Based on 15 hours of interviews conducted by film scholar Alain Silver, this new book on legendary director of photography James Wong Howe (1899-1976) is a must-read for anyone interested in what happens behind the scenes on a Hollywood set from film aficionados to industry professionals. A two-time Academy-Award(R) winner and still considered one of the greatest cinematographers in the history of American motion pictures, James Wong Howe began his career in 1917 at Famous Players-Lasky as a camera assistant working on silent features directed by such pioneers of narrative cinema as Cecil B. DeMille. Promoted to Director of Photography in 1922, Howe spent almost three decades shooting A-projects while under contract at Paramount, MGM, 20th Century-Fox, Selznick International, and Warner Bros. then ather twenty-plus years as a freelance cameraman. At those studios, he shot projects as diverse as the silent Peter Pan, Viva Villa!, The Prisoner of Zenda, Abe Lincoln in Illiis, King's Row, Body and Soul, The Rose Tattoo, Picnic, Hud, Seconds, and almost 60 sixty years after his first job Funny Lady in 1975. It was the people who were interested in movies as a living art form, people that loved to experiment and found the results gratifying, who made the technical progress in motion pictures. Such comments by Howe about his career, his style, actors, producers, and directors with whom he worked, and his beliefs about what constitutes good camerawork are extensively antated and profusely illustrated with over 500 images, many of which are keyed to Howe's remarks about specific scenes and shots reflect his direct, professional approach: There must be a reason for all lighting: what it's for and where it's coming from. Howe provides considerable detail about his work with such producers and directors as DeMille, David O. Selznick, Hall Wallis, William Cameron Menzies, Victor Fleming, John Cromwell, Martin Ritt, Herbert Bren, John Frankenheimer, and Sidney Lumet. Among the star performers discussed are Humphrey Bogart, James Cagney, Sean Connery, Joan Crawford, Marlene Dietrich, Errol Flynn, Clark Gable, Greta Garbo, John Garfield, Cary Grant, Rita Hayworth, William Holden, Hedy Lamarr, Burt Lancaster, Vivien Leigh, Myrna Loy, Robert Mitchum, Paul Newman, Kim Novak, Laurence Olivier, Robert Redford, Edward G. Robinson, Ann Sheridan, Barbara Stanwyck, Barbra Streisand, Spencer Tracy, and Natalie Wood. Also included are the most complete filmography ever compiled of all of Howe's work (with some newly discovered credits), two essays about lighting and preparation written by Howe himself, a biographical summary, select bibliography, and a complete index.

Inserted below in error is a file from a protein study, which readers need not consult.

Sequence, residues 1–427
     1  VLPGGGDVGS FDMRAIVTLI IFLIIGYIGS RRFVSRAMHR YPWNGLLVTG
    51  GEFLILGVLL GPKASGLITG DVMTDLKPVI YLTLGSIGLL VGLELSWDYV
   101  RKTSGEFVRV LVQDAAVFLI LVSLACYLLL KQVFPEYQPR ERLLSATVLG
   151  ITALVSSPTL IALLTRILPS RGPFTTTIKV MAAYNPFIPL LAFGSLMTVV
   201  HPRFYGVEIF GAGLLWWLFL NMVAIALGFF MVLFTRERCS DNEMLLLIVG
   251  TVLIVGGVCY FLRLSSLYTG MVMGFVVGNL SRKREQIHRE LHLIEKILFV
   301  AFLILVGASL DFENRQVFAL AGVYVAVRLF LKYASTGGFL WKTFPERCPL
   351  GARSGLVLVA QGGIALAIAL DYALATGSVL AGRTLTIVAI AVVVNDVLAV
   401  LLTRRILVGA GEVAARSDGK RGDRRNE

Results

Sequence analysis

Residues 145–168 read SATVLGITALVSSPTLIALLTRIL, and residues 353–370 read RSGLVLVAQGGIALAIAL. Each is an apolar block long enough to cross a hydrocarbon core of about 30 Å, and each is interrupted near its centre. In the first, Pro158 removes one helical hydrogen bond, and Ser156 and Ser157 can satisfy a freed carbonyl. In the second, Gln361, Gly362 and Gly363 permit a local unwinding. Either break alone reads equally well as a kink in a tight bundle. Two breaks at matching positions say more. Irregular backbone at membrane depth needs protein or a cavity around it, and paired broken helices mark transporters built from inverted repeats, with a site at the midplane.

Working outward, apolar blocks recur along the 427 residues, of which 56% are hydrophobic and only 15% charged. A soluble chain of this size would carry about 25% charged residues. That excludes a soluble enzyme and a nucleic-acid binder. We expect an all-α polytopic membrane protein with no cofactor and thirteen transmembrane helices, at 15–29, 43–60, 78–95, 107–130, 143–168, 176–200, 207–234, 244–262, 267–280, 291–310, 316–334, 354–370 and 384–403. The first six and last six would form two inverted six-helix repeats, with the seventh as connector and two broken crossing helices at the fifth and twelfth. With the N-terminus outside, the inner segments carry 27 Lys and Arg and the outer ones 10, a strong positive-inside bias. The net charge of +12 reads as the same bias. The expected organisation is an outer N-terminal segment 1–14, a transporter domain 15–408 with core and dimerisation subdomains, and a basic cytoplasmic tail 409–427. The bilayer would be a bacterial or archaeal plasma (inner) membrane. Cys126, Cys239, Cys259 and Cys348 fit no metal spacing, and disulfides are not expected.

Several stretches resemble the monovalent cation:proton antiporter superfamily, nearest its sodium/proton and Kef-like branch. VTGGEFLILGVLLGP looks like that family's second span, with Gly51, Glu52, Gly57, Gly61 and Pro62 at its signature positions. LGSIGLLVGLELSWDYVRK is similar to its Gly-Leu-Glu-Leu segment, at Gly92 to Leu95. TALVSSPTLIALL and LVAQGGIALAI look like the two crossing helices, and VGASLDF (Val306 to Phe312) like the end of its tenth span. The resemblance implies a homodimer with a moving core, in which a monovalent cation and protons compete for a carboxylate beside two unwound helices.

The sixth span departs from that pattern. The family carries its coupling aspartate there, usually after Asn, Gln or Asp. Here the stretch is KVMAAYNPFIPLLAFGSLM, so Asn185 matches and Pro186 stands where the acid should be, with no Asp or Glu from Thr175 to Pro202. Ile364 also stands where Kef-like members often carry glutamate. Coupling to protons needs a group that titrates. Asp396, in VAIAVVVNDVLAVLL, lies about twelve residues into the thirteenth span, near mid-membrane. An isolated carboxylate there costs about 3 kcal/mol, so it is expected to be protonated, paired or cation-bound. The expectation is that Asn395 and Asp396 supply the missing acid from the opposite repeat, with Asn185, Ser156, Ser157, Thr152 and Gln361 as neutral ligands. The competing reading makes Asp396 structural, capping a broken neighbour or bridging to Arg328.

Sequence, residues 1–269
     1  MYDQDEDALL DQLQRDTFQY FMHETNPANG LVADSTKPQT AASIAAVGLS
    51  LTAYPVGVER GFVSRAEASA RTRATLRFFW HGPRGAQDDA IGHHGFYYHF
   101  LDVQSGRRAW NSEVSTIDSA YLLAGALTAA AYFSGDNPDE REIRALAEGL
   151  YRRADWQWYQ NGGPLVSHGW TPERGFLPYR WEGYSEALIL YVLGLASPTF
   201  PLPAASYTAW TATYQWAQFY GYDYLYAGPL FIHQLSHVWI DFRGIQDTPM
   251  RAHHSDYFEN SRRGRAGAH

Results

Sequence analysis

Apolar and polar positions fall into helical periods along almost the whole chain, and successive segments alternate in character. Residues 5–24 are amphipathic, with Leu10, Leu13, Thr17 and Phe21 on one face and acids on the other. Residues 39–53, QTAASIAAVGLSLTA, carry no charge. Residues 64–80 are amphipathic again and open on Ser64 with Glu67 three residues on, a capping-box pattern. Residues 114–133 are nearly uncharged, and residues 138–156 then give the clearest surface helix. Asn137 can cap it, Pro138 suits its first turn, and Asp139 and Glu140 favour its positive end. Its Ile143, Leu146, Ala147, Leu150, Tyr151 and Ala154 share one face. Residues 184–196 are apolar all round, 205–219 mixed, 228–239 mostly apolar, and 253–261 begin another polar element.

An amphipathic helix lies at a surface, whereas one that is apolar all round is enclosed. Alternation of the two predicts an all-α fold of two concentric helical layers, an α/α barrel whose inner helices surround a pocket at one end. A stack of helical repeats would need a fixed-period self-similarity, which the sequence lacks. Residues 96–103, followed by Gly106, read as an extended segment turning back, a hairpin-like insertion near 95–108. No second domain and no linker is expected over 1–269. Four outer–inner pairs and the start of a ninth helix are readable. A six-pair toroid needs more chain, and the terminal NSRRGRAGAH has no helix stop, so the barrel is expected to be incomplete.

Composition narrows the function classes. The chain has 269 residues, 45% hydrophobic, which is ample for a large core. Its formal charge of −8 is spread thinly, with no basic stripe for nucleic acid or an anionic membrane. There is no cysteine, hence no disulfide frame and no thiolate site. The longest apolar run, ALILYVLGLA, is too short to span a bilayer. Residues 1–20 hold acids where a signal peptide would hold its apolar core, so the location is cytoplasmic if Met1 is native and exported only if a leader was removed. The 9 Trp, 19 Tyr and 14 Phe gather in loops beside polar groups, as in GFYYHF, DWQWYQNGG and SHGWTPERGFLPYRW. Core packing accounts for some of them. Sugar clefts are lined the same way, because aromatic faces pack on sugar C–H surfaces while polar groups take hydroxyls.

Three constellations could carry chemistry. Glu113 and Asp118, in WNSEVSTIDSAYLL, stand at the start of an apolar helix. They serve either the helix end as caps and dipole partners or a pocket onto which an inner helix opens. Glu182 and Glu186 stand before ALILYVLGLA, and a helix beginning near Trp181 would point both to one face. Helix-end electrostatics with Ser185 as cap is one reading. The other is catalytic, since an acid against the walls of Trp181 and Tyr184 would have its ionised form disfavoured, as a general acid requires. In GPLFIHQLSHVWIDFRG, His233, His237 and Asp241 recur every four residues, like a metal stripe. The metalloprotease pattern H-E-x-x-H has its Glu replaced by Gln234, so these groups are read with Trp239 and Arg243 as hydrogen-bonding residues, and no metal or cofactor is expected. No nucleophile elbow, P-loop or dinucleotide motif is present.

Alain Silver is the author of The Samurai Film and Raymond Chandler's Los Angeles (with Elizabeth Ward). Among his other books, co-authored with James Ursini, are The Noir Style, The Vampire Film, Film Noir (Taschen), More Things than are Dreamt Of, L.A. Noir, and director studies of David Lean, Robert Aldrich and Roger Corman. He is co-editor of Film Noir: The Encyclopedia, four Film Noir Readers, Horror Film Reader, Gangster Film Reader and a contributor to Film Noir and Philosophy. Forthcoming are Where Danger Lives: Film Noir Graphics and Film Noir: the Directors. His produced screenplays include Kiss Daddy Goodbye, the Showtime feature Time at the Top, and an adaptation of Dostoevsky's White Nights, which he also directed. Selected feature credits as a producer include Crashing, Beat, Cyborg2, 10th & Wolf, Night Visitor, and Palmer's Pick-up. He has been a guest lecturer at film noir retrospectives in Palm Springs, Detroit, and Santa Fe, New Mexico and served as a moderator and panelist for numerous presentations sponsored by the Writers Guild of America, the Directors Guild of America, the American Film Market, and at the Torino, Cinequest, Pacific Northwest, Slamdance and Los Angeles Film Festivals. He has been interviewed as an expert on Raymond Chandler, film noir, the samurai film and vampire films for documentary programming produced by the BBC; TV-Ontario; E! Entertainment Television; Channel Four, UK; ZDF/Germany; Starz/Encore channel; the Sci-Fi Channel; the American Movie Channel and KCET Los Angeles. His DVD work includes audio or video commentaries for over two dozen titles from Warner Bros., 20th-Century Fox and Criterion including David Lean's Hobson's Choice and numerous classic period film noir such as Murder, My Sweet, Out of the Past, Thieves' Highway, Call Northside 777, Panic in the Streets, The Dark Corner, Laura, Double Indemnity, Kiss of Death, The Street with No Name, Crossfire, Lady in the Lake, Nightmare Alley, Brute Force, Tension, Mystery Street and Where Danger Lives. His essays accompany the Criterion releases of Samurai Spy and The Seven Samurai. He is a member of the Writers Guild of America west and Directors Guild of America and holds degrees in Theater Arts/Motion Pictures from U.C.L.A.